Increased interest in organizational change (i.e., shifts in an organization's structure, strategy, and processes) has led to considerable diversity in the theoretical approaches used to explain the phenomenon. This theoretical diversity has caused some scholars to suggest that a more complete understanding of organizational phenomena such as change is obtained when different theoretical perspectives are used in conjunction with one another. This paper examines a process of change that has been occurring in Canadian national sport organizations. Utilizing the theoretical approaches found in work on resource dependence theory, institutional theory, organizational culture, and the role of transformational leaders in managing change, the paper shows how these approaches explain different aspects of the change process. It also shows how a more complete understanding of change may be gained by using more than one theoretical perspective.
Trevor Slack and Bob Hinings
Trevor Slack and Bob Hinings
Edited by Lucie Thibault
While it is one of the central topics in the study of organizations, the concept of strategy has received little attention in the sport management literature. This paper is, in part, designed to help fill some of this void. Specifically, the purpose of the paper is to empirically verify a framework proposed by Thibault, Slack, and Hinings (1993) for the analysis of strategy in nonprofit sport organizations and to locate a sample of national level sport organizations within this framework according to their strategic type. The results of the study support the existence and utility of the two dimensions identified in Thibault et al.'s framework. They also reveal that there are common characteristics within the organizations that constitute each of the framework's four strategic types. The identification of these characteristics provides us with a preliminary understanding of the strategic initiatives being pursued by those sport organizations.
Lisa M. Kikulis, Trevor Slack and Bob Hinings
The theoretical rationale underpinning this study was that decision making structures are tightly coupled to the core values of organizations and thus have a high impact on organizational design change. Taking a fine-grained approach to the analysis of decision making, the purpose of this study was to determine whether amateur sport organizations have shifted away from the dominant paradigm of volunteer-led decision making in favor of professional staff authority and autonomy over strategic decisions. Data from a population of 36 Canadian national sport organizations were used to show that changes in decision making have occurred. However, the shift in control from volunteers to professionals has not been established. In addition, change in decision making varied according to the direction of change, the decision making dimension, and the decision topic.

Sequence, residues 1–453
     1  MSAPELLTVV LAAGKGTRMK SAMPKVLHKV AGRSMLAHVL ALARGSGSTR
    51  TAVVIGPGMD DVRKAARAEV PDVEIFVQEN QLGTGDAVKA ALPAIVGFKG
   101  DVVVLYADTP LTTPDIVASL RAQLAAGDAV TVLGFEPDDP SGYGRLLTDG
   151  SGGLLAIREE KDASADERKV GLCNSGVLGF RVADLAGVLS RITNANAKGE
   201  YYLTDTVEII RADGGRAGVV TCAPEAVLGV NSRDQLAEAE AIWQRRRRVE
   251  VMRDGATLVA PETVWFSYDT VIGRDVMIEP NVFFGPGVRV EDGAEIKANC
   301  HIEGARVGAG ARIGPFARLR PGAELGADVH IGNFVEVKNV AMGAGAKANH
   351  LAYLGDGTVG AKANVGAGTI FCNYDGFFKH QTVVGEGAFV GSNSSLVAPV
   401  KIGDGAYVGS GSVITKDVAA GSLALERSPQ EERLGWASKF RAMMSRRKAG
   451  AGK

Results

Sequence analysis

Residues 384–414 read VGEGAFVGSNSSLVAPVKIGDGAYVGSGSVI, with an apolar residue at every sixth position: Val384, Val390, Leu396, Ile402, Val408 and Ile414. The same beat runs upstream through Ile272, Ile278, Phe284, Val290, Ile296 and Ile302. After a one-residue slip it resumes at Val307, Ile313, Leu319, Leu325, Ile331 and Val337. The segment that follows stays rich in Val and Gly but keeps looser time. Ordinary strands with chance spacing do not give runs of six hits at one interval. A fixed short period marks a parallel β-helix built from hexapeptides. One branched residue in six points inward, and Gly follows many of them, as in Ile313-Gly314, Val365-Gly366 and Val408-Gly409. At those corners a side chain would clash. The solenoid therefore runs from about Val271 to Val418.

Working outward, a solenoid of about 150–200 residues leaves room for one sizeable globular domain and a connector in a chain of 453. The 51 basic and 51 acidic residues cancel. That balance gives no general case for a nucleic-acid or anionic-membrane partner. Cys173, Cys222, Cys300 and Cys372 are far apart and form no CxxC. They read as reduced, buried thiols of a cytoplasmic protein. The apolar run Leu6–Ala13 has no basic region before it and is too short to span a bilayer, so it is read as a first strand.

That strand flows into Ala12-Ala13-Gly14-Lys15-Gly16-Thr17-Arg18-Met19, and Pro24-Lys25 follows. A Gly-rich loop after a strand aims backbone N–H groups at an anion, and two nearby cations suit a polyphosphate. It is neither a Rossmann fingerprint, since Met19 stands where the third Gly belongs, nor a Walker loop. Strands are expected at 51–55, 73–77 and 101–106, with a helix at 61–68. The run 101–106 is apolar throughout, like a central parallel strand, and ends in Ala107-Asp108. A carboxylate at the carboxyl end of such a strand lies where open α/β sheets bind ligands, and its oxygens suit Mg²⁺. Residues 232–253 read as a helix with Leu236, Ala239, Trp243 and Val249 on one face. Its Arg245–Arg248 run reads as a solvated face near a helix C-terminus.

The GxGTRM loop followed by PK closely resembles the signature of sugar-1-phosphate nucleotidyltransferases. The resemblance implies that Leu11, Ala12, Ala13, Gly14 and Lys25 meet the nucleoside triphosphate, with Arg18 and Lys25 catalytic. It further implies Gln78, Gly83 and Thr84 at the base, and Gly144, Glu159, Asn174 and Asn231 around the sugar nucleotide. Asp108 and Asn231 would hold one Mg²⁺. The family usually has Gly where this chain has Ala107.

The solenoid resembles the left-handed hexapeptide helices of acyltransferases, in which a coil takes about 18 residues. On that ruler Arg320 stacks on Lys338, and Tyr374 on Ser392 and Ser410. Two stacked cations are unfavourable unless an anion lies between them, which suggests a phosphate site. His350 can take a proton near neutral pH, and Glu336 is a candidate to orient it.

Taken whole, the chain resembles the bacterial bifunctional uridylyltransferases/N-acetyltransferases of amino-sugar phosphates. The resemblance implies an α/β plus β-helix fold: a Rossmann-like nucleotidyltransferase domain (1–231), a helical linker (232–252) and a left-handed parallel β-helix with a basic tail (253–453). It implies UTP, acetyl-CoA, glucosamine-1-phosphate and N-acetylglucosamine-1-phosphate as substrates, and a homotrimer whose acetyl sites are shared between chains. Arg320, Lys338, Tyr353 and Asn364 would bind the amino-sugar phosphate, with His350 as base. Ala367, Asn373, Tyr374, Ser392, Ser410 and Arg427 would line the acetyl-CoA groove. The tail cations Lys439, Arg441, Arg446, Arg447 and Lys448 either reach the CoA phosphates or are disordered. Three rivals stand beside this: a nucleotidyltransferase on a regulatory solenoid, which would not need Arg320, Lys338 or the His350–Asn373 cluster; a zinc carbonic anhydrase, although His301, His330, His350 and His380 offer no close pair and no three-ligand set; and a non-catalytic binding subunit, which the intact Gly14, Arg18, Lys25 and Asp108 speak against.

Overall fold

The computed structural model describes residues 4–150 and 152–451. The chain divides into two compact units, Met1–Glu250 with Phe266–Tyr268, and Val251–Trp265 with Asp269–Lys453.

Lucie Thibault, Trevor Slack and Bob Hinings
In order to anticipate changes and challenges in their environments, sport organizations must formulate strategies. The purpose of this paper is to develop a framework for the study of strategy formulation in nonprofit sport organizations. Based predominantly on MacMillan's (1983) work on the nonprofit sector, and using Canadian national sport organizations as an illustration, this study identified several strategic imperatives to uncover the types of strategies that could be undertaken by nonprofit sport organizations. The imperatives were grouped into two dimensions; program attractiveness and competitive position. Under program attractiveness, the following imperatives were considered: “fundability,” size of client base, volunteer appeal, and support group appeal. The dimension of competitive position included the imperatives of equipment costs and affiliation fees. The two dimensions were juxtaposed on a matrix to produce four strategic types: enhancers, innovators, refiners, and explorers. The characteristics of these types and their implications for nonprofit sport organizations are discussed.
Lisa M. Kikulis, Trevor Slack, Bob Hinings and Alan Zimmermann
The theoretical rationale underlying this study was that a variety of structural design types exist in amateur sport organizations and that their structural characteristics may be effectively measured, scaled, and compared. Characteristics were defined along three dimensions of organizational structure: specialization, standardization, and centralization. The approach used to identify the structural design types was the creation of an organizational taxonomy. Based on the measurement of 15 structural scales for 59 provincial sport organizations, Ward’s hierarchical fusion algorithm clustering technique was used to partition these data into homogeneous subsets. Analysis revealed 8 structural design types. The results, while providing support for the idea that there is a trend toward a more professional and bureaucratic form for amateur sport organizations, also suggest that it is important to consider the potential variety in the structural design of these organizations.